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    Palazzo Ruzzini

    Palazzo Ruzzini is a palace in Venice, overlooking the Grand Canal, located in the sestiere (district) of Cannaregio, near the Fondaco dei Tedeschi and the Rialto Bridge.   SHORT HISTORY A fairly recent palace, Palazzo Ruzzini was built near the end of the 19th century on the site of the ancient Fondaco dei Persiani (Warehouse of the Persians), a building demolished in 1830.   ARCHITECTURE The palace was built in neo-Renaissance style, with an extremely schematic facade characterized by the contrast between the color of the bricks and that of the Istrian stone that frames the openings. On the ground floor, there is a water portal flanked by two triple-light windows. On the second floor, there are six mullioned windows, and the coat of arms of the Ruzzini family, dating back to the second half of the 14th century. On the third floor, there is a four-light window in the center, divided by Corinthian columns, and four mullioned windows on the sides, all decorated with balustrades. The fourth floor is similar to the one below, the only difference being the triple-light window in the center. On the fifth floor, the attic, there are six rectangular windows and a recent coat Read more [...]

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    Fondaco dei Tedeschi

    Fondaco dei Tedeschi is a large palace in Venice, located in the sestiere of San Marco, overlooking the Grand Canal near the Rialto Bridge.   SHORT HISTORY Fondaco dei Tedeschi (Warehouse of the Germans) was built around the same time as the Fondaco dei Turchi (Warehouse of the Turks), in the first half of the 13th century. The palace was the landing point for goods brought by the German merchants from Nuremberg, Judenburg and Augsburg. The original palace was destroyed by a devastating fire on the night of January 28, 1505. Soon after, the Venetian Senate decided to rebuild it on a project by Girolamo Tedesco. The reconstruction took place between 1505 and 1508. The building was owned for a long time by the Italian Post Office. In 2008, the palace was purchased by the Benetton Group for an amount of 53 million euros, and was restored by the Dutch architect Rem Koolhaas. The palace was converted into a shopping center and was opened to the public on October 1, 2016.   ART AND ARCHITECTURE Fondaco dei Tedeschi is a large building with a square-plan and three levels around an internal courtyard, covered by a glass and steel structure. The Read more [...]

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    Palazzo Querini Papozze

    Palazzo Querini Papozze is a palace in Venice, located in the Cannaregio district (sestiere), overlooking the Grand Canal between Palazzo Correr Contarini Zorzi and Palazzo Emo a San Leonardo.   SHORT HISTORY The palace was built in Byzantine style for the Querini family, who owned it until the 19th century. Later, the palace was renovated in Gothic and Renaissance styles, and was partially destroyed by a fire on October 21, 1815.   ARCHITECTURE The palace is characterized by a large but simple and functional facade, with rectangular openings. The facade has 43 windows on four floors and three doors on the ground floor. The coat of arms of the Querini family on the facade is a recent copy. Of the ancient building, only a well remains in the courtyard and a porch overlooking the rear. Inside the courtyard, there is a large garden, which, among its peculiarities, has a bridge built during the 19th century.   HOW TO GET THERE Palazzo Querini Papozze is located near the intersection of the Grand Canal with the Canale di Cannaregio. The closest vaporetto stop is Guglie, located about 250 meters away, on the waterbus Lines 4.1, 4.2, 5.1 and 5.2.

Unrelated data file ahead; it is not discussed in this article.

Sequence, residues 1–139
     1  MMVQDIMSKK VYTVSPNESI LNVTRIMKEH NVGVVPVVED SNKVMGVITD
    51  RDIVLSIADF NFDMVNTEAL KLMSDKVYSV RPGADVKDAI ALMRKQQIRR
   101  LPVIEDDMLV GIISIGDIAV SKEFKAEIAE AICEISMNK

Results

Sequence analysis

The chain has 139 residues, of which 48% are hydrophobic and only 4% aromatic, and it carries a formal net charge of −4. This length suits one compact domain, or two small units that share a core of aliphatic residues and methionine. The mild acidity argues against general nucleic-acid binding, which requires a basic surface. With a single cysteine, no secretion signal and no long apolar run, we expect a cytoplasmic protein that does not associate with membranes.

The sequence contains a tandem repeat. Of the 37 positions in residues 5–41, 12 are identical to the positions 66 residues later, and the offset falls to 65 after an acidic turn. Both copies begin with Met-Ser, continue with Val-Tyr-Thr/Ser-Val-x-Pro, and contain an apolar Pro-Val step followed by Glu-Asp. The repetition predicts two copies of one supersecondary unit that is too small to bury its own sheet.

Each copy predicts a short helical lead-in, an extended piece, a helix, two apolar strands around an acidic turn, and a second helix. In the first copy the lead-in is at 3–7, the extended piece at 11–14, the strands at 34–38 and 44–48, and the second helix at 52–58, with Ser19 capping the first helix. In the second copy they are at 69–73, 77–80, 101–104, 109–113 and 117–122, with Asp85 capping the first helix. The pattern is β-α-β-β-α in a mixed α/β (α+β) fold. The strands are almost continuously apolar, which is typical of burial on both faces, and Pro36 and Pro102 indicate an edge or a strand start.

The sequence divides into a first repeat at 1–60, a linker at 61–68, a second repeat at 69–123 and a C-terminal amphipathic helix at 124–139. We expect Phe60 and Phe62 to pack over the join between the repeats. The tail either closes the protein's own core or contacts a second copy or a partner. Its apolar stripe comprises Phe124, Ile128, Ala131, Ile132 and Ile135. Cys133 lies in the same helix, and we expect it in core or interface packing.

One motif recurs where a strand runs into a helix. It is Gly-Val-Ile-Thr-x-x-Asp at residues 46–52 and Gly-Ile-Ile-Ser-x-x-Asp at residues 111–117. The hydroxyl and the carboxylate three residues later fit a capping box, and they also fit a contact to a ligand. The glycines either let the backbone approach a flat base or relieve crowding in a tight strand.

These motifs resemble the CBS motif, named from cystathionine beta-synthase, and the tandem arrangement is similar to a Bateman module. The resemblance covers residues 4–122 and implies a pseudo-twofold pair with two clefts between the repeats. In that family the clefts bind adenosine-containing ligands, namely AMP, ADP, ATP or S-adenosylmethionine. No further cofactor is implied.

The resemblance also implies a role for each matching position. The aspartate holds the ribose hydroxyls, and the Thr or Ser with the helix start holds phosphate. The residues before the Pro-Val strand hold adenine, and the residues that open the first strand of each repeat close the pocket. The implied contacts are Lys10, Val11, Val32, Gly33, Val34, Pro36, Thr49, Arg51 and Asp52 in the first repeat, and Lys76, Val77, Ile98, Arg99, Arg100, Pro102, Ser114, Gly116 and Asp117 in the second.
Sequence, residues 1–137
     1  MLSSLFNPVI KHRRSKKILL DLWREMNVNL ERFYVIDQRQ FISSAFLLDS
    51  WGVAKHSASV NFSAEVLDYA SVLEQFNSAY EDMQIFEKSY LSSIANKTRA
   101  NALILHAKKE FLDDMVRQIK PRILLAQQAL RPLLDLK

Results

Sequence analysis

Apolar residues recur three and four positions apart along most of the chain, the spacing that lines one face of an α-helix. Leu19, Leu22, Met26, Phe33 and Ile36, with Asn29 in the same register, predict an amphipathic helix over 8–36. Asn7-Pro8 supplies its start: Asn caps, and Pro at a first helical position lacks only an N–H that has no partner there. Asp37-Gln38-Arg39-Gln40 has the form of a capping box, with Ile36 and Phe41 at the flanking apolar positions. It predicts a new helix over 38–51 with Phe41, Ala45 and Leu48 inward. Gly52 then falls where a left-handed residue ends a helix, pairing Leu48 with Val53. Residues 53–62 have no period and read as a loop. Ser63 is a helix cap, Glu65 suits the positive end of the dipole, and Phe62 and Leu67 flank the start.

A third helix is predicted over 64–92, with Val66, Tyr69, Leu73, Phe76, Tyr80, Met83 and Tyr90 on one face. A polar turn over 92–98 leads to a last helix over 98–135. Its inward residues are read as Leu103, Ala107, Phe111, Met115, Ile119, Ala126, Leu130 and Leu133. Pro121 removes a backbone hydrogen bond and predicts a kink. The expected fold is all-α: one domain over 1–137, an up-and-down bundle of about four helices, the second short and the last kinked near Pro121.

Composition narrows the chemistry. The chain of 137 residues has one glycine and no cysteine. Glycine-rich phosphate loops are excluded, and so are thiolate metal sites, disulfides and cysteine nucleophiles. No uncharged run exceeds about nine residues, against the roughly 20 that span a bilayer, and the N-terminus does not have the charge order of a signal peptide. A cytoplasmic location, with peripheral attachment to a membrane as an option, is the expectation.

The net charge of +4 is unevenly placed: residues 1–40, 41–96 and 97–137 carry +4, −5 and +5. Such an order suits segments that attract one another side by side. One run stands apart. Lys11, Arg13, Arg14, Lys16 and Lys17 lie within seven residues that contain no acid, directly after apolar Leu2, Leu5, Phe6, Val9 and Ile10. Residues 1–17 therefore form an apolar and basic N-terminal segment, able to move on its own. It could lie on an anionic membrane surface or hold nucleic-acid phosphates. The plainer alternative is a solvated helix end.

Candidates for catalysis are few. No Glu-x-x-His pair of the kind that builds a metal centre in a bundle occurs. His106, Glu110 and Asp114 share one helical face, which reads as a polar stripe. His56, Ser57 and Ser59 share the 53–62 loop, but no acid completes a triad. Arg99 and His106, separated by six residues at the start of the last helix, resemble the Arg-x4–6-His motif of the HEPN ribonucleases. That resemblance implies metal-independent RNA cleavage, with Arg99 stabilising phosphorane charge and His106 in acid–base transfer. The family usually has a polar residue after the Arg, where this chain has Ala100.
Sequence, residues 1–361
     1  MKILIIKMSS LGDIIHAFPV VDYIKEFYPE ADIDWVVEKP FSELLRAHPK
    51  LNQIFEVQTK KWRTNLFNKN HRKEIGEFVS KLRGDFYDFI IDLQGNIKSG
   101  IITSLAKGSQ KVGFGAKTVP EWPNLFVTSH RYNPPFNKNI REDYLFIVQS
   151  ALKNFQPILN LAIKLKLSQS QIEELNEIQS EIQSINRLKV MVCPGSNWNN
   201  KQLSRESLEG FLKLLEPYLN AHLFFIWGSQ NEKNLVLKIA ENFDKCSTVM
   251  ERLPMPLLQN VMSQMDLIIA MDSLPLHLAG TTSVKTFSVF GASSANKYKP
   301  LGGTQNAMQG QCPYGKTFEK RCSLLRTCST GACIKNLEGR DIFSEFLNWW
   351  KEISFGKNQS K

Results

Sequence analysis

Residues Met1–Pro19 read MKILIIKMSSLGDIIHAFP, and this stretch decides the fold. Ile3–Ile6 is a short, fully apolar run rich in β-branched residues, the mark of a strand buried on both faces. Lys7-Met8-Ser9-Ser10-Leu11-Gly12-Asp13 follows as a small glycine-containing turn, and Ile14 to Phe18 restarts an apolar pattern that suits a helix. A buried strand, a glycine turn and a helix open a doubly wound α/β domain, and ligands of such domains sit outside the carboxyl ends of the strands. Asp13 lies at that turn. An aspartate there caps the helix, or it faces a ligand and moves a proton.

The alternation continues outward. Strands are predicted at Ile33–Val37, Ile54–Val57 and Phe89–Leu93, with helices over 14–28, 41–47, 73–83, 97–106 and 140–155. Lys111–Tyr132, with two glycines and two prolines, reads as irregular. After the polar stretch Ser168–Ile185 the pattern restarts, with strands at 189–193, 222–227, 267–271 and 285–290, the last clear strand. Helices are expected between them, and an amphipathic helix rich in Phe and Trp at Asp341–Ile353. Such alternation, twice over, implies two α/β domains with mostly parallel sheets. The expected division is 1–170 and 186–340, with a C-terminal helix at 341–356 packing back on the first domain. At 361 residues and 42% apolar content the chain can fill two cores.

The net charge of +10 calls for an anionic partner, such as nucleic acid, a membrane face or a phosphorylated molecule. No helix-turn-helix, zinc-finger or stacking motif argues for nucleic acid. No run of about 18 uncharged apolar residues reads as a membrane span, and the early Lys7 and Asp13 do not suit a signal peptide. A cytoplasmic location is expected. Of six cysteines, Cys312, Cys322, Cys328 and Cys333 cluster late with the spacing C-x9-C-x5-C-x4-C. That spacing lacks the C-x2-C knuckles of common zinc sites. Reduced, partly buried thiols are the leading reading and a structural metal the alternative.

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    Palazzo Correr Contarini Zorzi

    Palazzo Correr Contarini Zorzi is a magnificent palace in Venice, located in the sestiere of Canneregio, overlooking the Grand Canal between Palazzo Querini Papozze and Palazzo Gritti. The palace is also known as Ca’ dei Cuori (House of Hearts), given the presence of wrought iron heart decorations on the facade.   SHORT HISTORY Palazzo Correr Contarini Zorzi was built in 1678 by the noble Correr family on the site of an ancient Gothic palace, of which only the corner columns survived. Later, the palace passed to the Soranzo, Zorzi and Contarini families. The roof terrace was added in the 20th century, when the palace was owned by the de Mombell family.   ARCHITECTURE The palace has a majestic 17th-century facade overlooking the Grand Canal, characterized by the presence of two imposing monumental water portals, marked by arched heads and composed of a main opening surrounded by four quadrangular windows. There are two noble floors, of equal importance and with the same design. They are characterised by the presence of a mullioned three-light window with a small balcony, positioned to the left, flanked by other mullioned windows, which also continue on the side facades. Frames of Istrian stone highlight the symmetrical Read more [...]

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    Church of San Simeone Piccolo

    The Church of San Simeone Piccolo, also known as Santi Simeone e Giuda (Saints Simon and Judas), is a church in Venice, overlooking the Grand Canal, located in the sestiere of Santa Croce, in front of the Santa Lucia railway station.   SHORT HISTORY The original church was founded in the 9th century by the noble families of Adoldi and Briosi, and was consecrated on June 21, 1271. The ancient church probably had a basilica plan with three naves and was built parallel to the Grand Canal. In 1718, the rebuilding of the church began under the direction of the architect Giovanni Antonio Scalfarotto. The works were completed 20 years later, and the religious building was consecrated on April 27, 1738, being one of the last churches built in Venice. Today, the Church of San Simeone Piccolo is the only church in Venice where the Mass is celebrated in Latin.   ART AND ARCHITECTURE The church is modeled on the Pantheon of Rome, with a cylindrical body, a copper-clad dome and a Corinthian pronaos. The pronaos set against a circular plan is a solution already adopted in the twin churches of Piazza del Popolo in Rome. It is surmounted by Read more [...]